Cap'n Crunch Answers 'Mutinous Rumblings'

Cap'n Crunch responds to "ridiculous accusations leveled against me."
Source: realcapncrunch via YouTube
Cap'n Crunch responds to "ridiculous accusations leveled against me."

After being accused of being a mere commander, Cap'n Crunch has finally addressed the "mutinous rumblings" and "ridiculous accusations" about his rank.

(Related: Say It Ain't So! Cap'N Crunch Not Really a Captain?)

The cartoon cereal spokesman has been defending himself ever since a discerning cereal lover claimed that he is not a captain at all, but a commander. Navy captains wear four stripes on their uniforms, not the three that Cap'n Crunch sports, which is equivalent to the rank of commander. This year marks the 50th anniversary of Cap'n Crunch cereal, yet this is the first time there have been questions about the iconic pitchman's rank.

In his weekly edition of "The Cap'n Crunch Show'' cartoon posted on YouTube late Tuesday, he held a "press conference'' to clear everything up. The description under the video reads, "The Cap'n stands tall on the mutinous rumblings regarding his rank."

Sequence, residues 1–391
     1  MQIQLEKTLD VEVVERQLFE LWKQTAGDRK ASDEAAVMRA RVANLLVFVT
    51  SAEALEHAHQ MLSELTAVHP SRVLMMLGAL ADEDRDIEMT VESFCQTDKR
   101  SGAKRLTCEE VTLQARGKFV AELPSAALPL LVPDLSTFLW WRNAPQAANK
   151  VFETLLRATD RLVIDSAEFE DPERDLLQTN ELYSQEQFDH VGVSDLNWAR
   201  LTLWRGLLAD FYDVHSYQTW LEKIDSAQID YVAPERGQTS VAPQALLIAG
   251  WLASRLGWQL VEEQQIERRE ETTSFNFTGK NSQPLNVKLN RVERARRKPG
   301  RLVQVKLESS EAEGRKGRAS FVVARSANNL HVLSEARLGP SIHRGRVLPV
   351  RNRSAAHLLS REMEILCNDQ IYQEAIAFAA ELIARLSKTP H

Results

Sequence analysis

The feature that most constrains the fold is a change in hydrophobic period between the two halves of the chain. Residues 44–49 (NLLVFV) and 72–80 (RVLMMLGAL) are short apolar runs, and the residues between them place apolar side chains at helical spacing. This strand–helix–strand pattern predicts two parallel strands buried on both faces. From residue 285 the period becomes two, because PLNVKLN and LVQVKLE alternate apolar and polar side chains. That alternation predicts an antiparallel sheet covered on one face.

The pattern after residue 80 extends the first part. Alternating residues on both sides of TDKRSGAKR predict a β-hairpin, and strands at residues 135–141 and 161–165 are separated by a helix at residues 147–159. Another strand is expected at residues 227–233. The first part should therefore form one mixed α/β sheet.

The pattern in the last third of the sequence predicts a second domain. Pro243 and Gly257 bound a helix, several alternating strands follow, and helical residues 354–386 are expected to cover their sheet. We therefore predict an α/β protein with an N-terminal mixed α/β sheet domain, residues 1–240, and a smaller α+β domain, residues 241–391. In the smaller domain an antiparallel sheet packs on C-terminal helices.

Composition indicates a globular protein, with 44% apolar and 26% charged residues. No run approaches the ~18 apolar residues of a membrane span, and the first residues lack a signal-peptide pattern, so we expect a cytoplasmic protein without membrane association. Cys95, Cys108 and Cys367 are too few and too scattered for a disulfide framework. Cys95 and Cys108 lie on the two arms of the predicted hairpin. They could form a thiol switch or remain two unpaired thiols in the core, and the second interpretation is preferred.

"I stand before you today to answer the ridiculous accusations leveled against me by certain Swift-boating talk-show host rivals that I, Cap'n Crunch, am not a real cap'n!'' he says in the video.

The Cap'n, whose full name is Horatio Magellan Crunch, then goes on to point out a few other discrepancies in his appearance that might make people want to lighten up about being sticklers for the number of his stripes on his uniform.

"You may have noticed a few other things about me,'' he says. "I have four fingers. My first mate's a dog. My eyebrows are attached to my hat, for crunch sake!" He's got a point.

Pepsico-owned Quaker, the maker of the cereal, has stood by its cap'n.

"We don't feel [the fourth stripe is] necessary—the Cap'n is after all a Cap'n, as he mans the S.S. Guppy," a representative told earlier this month. "And it's the crunch, not the clothes, that make the man!"

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—By Scott Stump, NBC TODAY.

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